Detailed design and implementation issues User intent Cyber foraging Adaptation strategy High-level energy management Client thickness Context awareness Balancing proactivity and transparency Impact on layering Privacy and trust
User intent For proactivity to be effective, it is crucial that a pervasive computing system track user intent. – Otherwise, it will be almost impossible to determine which system actions will help rather than hinder the user. For example, suppose a user is viewing video over a network connection whose bandwidth suddenly drops. Should the system: – Reduce the fidelity of the video? – Pause briefly to find another higher-bandwidth connection? – Advise the user that the task can no longer be accomplished? The correct choice will depend on what the user is trying to accomplish.
Cyber foraging (aka “living off the land”) Dynamically augment the computing resources of a wireless mobile computer by exploiting wired hardware infrastructure. As computing becomes cheaper and more plentiful, it makes economic sense to “waste” computing resources to improve user experience. In the forseeable future, public spaces such as airport lounges and coffee shops will be equipped with compute servers or data staging servers for the benefit of customers, much as table lamps are today. – Today, many shopping centers and cafeterias offer their customers free wireless internet access.
Adaptation strategy Adaptation is necessary when there is a significant mismatch between the supply and demand of a resource (e.g. wireless network bandwidth, energy, computing cycles or memory). There are three alternative strategies for adaptation in pervasive computing: – A client can guide applications in changing their behavior so that they use less of a scarce resource. This change usually reduces the user-perceived quality, or fidelity, of an application. – A client can ask the environment to guarantee a certain level of a resource (reservation-based QoS systems). From the viewpoint of the client, this effectively increases the supply of a scarce resource to meet the client’s demand. – A client can suggest a corrective action to the user. If the user acts on this suggestion, it is likely (but not certain) that resource supply will become adequate to meet demand.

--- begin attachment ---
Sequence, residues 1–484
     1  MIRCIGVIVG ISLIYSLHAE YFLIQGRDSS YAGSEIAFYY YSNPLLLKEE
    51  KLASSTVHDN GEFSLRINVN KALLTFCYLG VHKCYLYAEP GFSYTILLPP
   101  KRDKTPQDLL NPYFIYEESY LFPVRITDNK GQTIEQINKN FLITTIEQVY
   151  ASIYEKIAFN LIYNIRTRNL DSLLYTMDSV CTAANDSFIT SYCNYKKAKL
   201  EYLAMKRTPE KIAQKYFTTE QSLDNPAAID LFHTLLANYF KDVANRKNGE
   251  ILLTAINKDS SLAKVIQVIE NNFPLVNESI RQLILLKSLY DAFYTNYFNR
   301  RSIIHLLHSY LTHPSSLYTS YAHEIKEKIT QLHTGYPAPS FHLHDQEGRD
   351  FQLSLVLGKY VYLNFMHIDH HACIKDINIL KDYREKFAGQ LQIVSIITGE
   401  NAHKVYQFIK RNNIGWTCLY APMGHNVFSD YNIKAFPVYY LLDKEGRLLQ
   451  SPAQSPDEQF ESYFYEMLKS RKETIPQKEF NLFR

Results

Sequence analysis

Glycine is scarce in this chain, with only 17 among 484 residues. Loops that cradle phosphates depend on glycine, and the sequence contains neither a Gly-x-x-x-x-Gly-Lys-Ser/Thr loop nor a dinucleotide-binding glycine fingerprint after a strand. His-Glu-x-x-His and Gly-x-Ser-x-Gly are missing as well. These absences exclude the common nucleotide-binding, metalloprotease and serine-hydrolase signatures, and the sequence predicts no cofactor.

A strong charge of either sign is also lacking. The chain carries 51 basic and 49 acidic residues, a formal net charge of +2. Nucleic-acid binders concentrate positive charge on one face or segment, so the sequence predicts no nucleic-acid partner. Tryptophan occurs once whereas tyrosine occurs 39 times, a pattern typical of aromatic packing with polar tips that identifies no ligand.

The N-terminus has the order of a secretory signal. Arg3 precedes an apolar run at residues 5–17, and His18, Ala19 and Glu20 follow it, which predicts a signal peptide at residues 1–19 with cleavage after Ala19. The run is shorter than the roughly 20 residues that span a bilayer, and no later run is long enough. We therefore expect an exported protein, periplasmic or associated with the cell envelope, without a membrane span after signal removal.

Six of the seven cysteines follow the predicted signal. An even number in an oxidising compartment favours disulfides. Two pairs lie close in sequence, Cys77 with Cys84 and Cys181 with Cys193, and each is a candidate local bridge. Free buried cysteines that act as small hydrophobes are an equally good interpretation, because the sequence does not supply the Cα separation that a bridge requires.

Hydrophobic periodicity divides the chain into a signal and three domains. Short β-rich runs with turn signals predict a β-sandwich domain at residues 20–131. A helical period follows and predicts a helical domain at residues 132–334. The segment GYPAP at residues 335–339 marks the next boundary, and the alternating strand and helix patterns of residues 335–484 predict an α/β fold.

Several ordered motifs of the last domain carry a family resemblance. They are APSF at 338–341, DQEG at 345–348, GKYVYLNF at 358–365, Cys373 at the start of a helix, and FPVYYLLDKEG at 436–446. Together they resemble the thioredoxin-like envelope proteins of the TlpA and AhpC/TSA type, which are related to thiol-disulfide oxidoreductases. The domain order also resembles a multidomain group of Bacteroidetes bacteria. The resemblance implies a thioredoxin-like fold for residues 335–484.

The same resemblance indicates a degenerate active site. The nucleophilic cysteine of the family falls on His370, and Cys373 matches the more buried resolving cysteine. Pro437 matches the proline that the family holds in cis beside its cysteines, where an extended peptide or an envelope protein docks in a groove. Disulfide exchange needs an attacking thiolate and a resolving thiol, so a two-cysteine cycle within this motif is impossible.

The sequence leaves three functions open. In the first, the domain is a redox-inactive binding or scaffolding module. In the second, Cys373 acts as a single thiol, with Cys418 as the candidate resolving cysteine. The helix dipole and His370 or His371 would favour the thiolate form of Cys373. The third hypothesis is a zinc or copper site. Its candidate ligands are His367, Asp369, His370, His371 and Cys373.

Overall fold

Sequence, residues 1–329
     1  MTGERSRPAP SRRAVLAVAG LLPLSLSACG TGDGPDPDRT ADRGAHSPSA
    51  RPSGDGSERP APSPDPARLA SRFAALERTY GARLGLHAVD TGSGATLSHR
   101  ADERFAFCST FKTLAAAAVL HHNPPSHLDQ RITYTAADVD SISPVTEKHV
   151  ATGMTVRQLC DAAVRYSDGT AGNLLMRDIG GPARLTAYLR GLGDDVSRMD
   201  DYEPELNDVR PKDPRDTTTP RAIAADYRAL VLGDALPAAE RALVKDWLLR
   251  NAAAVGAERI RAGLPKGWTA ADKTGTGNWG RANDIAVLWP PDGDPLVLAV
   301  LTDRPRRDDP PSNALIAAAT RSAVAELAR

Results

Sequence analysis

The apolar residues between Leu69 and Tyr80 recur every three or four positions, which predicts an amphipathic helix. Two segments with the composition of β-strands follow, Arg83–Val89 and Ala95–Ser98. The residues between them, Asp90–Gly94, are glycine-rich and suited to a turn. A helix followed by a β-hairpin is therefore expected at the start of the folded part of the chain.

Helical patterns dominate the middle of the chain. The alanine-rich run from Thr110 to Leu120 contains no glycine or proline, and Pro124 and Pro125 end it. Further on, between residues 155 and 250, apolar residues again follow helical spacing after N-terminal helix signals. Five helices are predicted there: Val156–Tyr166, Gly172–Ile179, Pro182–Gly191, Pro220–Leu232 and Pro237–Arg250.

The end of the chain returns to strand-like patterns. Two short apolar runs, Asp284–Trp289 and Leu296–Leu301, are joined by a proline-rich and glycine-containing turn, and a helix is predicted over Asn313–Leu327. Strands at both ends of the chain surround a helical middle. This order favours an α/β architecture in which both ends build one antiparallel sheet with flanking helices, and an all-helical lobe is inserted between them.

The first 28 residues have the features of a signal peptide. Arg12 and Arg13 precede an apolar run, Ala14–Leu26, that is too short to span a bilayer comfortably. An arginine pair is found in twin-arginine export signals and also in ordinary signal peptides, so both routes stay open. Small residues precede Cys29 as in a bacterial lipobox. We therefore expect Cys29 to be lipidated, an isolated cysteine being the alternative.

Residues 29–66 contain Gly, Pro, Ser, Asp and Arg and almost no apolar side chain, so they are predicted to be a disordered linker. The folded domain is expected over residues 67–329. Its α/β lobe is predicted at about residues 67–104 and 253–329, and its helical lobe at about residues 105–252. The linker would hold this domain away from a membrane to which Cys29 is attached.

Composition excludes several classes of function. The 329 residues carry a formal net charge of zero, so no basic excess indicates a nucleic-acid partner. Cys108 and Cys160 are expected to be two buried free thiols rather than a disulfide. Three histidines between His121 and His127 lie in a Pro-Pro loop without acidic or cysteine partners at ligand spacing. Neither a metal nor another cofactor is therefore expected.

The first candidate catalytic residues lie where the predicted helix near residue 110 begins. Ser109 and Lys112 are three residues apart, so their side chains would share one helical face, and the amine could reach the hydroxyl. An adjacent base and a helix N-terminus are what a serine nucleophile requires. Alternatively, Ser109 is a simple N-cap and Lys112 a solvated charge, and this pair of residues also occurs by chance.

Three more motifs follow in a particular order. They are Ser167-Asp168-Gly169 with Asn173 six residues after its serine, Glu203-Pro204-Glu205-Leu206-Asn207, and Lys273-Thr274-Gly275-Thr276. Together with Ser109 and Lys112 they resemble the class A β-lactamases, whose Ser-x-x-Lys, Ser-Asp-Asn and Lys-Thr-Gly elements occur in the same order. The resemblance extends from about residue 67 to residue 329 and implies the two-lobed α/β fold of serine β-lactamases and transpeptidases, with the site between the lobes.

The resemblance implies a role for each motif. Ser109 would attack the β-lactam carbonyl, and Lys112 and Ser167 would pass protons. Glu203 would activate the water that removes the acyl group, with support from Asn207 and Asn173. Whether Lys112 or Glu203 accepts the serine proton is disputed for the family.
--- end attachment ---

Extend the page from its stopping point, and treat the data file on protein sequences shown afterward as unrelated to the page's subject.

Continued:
High-level energy management Sophisticated capabilities such as proactivity and self-tuning increase the energy demand of software on a mobile computer in one’s personal computing space. Making such computers lighter and more compact places severe restrictions on battery capacity, so the higher levels of the system must be involved in memory management. One example is energy-aware memory management, where the operating system dynamically controls the amount of physical memory that has to be refreshed. Another example is energy-aware adaptation, where individual applications switch to modes of operation with lower fidelity and energy demand under operating system control.
Client thickness (or client’s hardware capabilities) For a given application, the minimum acceptable thickness of a client is determined by the worst-case environmental conditions under which the application must run satisfactorily. A very thin client suffices if one can always count on high- bandwidth low-latency wireless communication to nearby computing infrastructure, and batteries can be recharged or replaced easily. If there exists even a single location visited by a user where these assumptions do not hold, the client will have to be thick enough to compensate at that location. This is especially true for interactive applications where crisp response is important.
Context awareness A pervasive computing system must be cognizant of its user’s state and surroundings, and must modify its behavior based on this information. A user’s context can be quite rich, consisting of various attributes – Ex) physical location, physiological state (e.g., body temperature and heart rate), emotional state (e.g., angry, distraught, or calm), personal history, daily behavioral patterns, and so on. If a human assistant were given such context, he or she would make decisions in a proactive fashion, anticipating user needs. In making these decisions, the assistant would typically not disturb the user at inopportune moments except in an emergency. A pervasive computing system should emulate such a human assistant.